My current reading is The Secret Life of Oscar Wilde (2003), a long and fascinating study by Neil McKenna which attempts to disentangle the true nature of Wilde’s sex life from the myths and evasions of his biography and biographers. Among the pictures in the book, McKenna shows a couple of the “Uranian” photographs by Wilhelm von Gloeden (1856–1931) which Wilde owned. Von Gloeden’s views of naked Sicilian boys were described as “Classical” in a barely-believable subterfuge familiar during the 19th century, and it’s understandable why Wilde, who’d been praising the attractions of Mediterranean youth for most of his adult life, would have found these pictures worthy of purchase. Wikimedia Commons has a substantial set of the photos, although it should be noted that provenance is often uncertain; there were other photographers active in Taormina at the time who catered to a similar market. One photo in particular stood out recently when I recognised it as the possible source for the figure on a Hans Christiansen cover for Jugend magazine of 1896. The cover above has appeared here before but this is the first time I made the photographic connection.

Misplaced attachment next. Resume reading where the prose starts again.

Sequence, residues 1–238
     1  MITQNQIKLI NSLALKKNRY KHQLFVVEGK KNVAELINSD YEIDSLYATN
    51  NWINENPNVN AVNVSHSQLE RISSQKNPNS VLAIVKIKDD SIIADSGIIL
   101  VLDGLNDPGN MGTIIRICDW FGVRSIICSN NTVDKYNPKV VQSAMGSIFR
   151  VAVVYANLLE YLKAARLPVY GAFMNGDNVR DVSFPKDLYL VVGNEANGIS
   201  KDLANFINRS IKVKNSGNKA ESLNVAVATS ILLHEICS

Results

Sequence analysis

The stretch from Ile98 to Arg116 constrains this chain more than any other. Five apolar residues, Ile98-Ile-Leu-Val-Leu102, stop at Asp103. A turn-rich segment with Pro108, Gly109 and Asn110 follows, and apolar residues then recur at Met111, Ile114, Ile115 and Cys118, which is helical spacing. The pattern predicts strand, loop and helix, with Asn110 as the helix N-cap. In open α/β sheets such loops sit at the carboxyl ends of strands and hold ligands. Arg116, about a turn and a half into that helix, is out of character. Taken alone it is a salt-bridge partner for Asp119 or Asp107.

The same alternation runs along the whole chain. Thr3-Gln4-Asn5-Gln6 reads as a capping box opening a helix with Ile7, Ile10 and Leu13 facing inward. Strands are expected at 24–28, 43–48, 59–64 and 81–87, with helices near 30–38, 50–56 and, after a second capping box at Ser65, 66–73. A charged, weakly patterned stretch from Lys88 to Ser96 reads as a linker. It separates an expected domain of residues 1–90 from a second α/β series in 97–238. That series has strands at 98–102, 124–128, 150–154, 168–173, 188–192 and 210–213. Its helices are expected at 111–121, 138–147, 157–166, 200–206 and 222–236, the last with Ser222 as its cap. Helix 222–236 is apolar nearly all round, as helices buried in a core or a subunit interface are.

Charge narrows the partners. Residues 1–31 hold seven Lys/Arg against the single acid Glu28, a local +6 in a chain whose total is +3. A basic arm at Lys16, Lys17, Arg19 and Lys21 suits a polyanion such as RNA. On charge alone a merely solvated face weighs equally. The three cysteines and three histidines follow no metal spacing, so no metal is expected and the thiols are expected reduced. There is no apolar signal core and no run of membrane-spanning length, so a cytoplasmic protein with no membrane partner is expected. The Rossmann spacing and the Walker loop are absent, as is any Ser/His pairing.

Gloeden, of course, was one of the first people to use the Flandrin pose, as I noted in the original post on that theme. I wonder if he knew he’d been copied in turn? That Jugend cover and its inspiration reminds me a little of Flandrin’s other depiction of Classical youth, his portrait of Polites, a painting which Oscar would no doubt have enjoyed.
Polites, Son of Priam, Observes the Movements of the Greeks by Jean Hippolyte Flandrin (1834).